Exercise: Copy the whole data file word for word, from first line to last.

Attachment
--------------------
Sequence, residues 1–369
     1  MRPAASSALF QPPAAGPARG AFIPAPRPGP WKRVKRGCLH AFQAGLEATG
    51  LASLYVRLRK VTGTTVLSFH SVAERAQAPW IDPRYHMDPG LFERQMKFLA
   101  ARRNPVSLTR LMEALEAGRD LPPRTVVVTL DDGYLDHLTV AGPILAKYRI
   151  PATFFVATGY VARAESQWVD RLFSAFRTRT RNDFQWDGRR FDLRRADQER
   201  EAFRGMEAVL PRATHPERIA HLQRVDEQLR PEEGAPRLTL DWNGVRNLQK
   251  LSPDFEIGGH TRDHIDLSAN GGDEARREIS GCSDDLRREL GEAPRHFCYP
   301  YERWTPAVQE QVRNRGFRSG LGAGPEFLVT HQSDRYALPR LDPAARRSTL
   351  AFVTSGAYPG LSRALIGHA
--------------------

Sequence, residues 1–369
     1  MRPAASSALF QPPAAGPARG AFIPAPRPGP WKRVKRGCLH AFQAGLEATG
    51  LASLYVRLRK VTGTTVLSFH SVAERAQAPW IDPRYHMDPG LFERQMKFLA
   101  ARRNPVSLTR LMEALEAGRD LPPRTVVVTL DDGYLDHLTV AGPILAKYRI
   151  PATFFVATGY VARAESQWVD RLFSAFRTRT RNDFQWDGRR FDLRRADQER
   201  EAFRGMEAVL PRATHPERIA HLQRVDEQLR PEEGAPRLTL DWNGVRNLQK
   251  LSPDFEIGGH TRDHIDLSAN GGDEARREIS GCSDDLRREL GEAPRHFCYP
   301  YERWTPAVQE QVRNRGFRSG LGAGPEFLVT HQSDRYALPR LDPAARRSTL
   351  AFVTSGAYPG LSRALIGHA